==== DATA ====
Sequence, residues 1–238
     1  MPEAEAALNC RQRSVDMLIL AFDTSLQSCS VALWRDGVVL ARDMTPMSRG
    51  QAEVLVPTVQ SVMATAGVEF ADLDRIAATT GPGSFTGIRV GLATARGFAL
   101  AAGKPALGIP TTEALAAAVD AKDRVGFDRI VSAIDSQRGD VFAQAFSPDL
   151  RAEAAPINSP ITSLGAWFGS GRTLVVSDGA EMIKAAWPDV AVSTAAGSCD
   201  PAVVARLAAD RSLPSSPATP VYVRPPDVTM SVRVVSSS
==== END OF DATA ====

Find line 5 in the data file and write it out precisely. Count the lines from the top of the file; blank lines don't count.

   151  RAEAAPINSP ITSLGAWFGS GRTLVVSDGA EMIKAAWPDV AVSTAAGSCD